Edited by Sally Barr Ebest and Kathleen McInerney
Foreword by Caledonia Kearns
In a series of critical and biographical essays, Too Smart to Be Sentimental offers a feminist literary history of twentieth-century Irish America. This collection introduces the reader to the works of twelve contemporary Irish American women writers, some of whom are well known, such as Joyce Carol Oates, Alice McDermott, and Tess Gallagher, and some of whom are equally deserving of recognition.
Each chapter focuses on a particular writer, describes and discusses that writer’s most important works, contextualizes the discussion with relevant biographical material, and highlights why the writer is representative of the Irish American literary tradition. Too Smart to Be Sentimental—the first critical study of contemporary Irish American women authors—will be invaluable to students and scholars of Irish studies and Irish American literature.
Contributors: Caledonia Kearns, Sally Barr Ebest, Patricia Keefe Durso, John M. Menaghan, Kathleen McInerney, Beatrice Jacobson, Mary Ann Ryan, Susana Araujo, Patricia Gott, Kathleen Ann Kremins, Susana Hoeness-Krupsaw, and Amy Lee.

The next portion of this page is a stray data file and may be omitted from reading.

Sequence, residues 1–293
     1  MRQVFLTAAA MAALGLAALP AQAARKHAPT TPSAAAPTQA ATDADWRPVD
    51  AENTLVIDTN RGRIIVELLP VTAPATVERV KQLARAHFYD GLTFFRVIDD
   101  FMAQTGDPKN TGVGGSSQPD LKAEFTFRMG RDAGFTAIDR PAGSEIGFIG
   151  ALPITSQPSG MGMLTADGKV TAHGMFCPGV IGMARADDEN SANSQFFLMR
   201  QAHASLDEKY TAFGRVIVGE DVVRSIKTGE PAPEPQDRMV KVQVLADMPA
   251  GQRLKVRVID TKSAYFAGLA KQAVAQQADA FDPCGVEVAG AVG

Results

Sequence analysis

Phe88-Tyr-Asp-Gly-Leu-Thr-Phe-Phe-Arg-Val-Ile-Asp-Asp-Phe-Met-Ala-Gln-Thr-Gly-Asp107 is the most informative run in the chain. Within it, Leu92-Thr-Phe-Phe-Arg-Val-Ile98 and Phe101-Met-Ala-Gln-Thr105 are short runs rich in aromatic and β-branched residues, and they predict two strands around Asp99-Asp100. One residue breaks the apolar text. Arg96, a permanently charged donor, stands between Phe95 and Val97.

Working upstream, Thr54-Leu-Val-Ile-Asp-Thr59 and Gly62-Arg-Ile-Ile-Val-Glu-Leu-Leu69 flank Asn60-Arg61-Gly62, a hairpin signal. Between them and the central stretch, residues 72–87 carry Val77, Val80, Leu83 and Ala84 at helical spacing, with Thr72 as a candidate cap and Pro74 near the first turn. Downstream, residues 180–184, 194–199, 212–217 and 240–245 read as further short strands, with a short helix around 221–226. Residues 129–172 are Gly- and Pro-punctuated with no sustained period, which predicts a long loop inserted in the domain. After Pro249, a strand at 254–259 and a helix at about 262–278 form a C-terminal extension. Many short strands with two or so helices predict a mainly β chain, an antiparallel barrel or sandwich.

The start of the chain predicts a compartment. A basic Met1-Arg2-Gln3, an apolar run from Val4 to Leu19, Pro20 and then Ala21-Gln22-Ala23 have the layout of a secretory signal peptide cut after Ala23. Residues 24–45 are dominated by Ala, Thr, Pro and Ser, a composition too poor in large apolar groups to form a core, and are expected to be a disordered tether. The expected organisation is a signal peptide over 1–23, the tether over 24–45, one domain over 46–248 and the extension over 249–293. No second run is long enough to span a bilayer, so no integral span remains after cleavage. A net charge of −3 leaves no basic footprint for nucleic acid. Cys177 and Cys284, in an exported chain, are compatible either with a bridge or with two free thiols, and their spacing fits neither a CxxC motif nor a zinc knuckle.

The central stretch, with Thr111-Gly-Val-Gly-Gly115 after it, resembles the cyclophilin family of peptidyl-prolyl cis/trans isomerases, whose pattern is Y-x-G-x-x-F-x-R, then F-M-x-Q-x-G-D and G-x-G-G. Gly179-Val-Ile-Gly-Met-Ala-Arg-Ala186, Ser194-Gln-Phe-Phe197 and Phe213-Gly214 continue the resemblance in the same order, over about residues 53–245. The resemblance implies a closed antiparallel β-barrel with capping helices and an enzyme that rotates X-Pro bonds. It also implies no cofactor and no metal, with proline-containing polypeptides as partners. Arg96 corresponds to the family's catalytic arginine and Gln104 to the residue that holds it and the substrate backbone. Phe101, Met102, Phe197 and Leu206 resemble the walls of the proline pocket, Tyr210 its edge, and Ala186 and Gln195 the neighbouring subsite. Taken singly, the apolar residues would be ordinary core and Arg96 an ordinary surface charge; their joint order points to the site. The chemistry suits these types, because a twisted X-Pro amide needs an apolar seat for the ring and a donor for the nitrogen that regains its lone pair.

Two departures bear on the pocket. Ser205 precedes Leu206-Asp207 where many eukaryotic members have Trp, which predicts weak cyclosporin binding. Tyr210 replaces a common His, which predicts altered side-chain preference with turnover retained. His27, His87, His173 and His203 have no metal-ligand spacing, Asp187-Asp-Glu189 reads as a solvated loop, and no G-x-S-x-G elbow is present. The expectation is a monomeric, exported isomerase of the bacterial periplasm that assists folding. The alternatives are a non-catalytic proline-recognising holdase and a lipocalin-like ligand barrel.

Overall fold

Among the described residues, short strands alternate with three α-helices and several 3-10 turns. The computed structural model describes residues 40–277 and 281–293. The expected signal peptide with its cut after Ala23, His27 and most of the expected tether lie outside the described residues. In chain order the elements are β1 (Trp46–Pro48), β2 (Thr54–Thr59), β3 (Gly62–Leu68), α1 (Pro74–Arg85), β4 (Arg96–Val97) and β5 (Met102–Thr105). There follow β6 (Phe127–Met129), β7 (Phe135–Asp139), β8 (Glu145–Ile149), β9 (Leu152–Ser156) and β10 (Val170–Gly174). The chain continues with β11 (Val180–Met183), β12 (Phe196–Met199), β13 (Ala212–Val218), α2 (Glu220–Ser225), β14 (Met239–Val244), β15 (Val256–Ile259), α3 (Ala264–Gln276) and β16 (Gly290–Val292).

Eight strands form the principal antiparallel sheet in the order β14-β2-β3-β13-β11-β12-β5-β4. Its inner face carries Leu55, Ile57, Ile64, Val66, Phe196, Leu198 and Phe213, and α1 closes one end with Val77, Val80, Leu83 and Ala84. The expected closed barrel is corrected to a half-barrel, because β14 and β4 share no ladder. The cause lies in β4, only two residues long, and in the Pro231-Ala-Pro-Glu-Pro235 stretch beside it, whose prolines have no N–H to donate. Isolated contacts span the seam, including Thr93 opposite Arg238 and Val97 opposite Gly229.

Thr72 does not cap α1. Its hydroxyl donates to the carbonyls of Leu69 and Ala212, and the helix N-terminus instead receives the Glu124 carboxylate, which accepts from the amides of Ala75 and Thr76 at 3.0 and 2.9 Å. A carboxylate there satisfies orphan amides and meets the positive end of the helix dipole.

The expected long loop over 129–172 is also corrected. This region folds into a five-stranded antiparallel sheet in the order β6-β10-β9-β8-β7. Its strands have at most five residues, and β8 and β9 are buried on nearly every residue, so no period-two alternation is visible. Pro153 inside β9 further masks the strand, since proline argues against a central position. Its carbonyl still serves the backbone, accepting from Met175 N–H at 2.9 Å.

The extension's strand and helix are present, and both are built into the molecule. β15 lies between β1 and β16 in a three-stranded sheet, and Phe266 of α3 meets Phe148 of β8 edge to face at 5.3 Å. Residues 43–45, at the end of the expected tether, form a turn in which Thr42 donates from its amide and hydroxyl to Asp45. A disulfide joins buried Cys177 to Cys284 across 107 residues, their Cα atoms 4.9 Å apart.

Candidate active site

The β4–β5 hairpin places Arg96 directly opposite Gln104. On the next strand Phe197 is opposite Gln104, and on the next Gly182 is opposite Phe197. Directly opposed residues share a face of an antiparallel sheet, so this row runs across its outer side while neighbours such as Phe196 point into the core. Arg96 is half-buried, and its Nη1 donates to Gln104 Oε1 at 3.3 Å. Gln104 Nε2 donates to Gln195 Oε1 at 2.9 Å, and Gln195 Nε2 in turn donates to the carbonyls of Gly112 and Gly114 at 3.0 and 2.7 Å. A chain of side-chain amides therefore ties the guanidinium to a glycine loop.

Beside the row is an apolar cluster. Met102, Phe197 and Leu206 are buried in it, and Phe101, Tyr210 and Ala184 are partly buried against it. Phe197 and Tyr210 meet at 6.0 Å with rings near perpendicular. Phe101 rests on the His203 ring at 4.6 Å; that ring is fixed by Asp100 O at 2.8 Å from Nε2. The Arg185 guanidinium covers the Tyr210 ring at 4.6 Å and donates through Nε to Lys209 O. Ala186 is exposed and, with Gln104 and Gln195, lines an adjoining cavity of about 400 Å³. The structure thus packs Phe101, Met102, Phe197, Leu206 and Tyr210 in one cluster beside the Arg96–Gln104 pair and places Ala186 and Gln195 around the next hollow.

“These personal, thoughtful, and authoritative essays make an original contribution. They are of significance for scholars in several related disciplines: contemporary American fiction, Irish American literature, sociology, ethnic studies, Irish studies, and women’s studies.” — Thomas A. Kuhlman, Creighton University
“This critical study of contemporary Irish American women writers, the first of its kind, offers a literary history of Irish America in the 20th century from a feminist perspective. . . . Scholarly and insightful essays.” — Library Journal
“The book is a collection of essays that introduce the works of twelve contemporary Irish-American women writers. Some of the writers, like Joyce Carol Oates and Alice McDermott, are well-known, while others, such as Elizabeth Cullinan, whose work is currently out of print, are equally deserving of recognition.” — The Beverly Review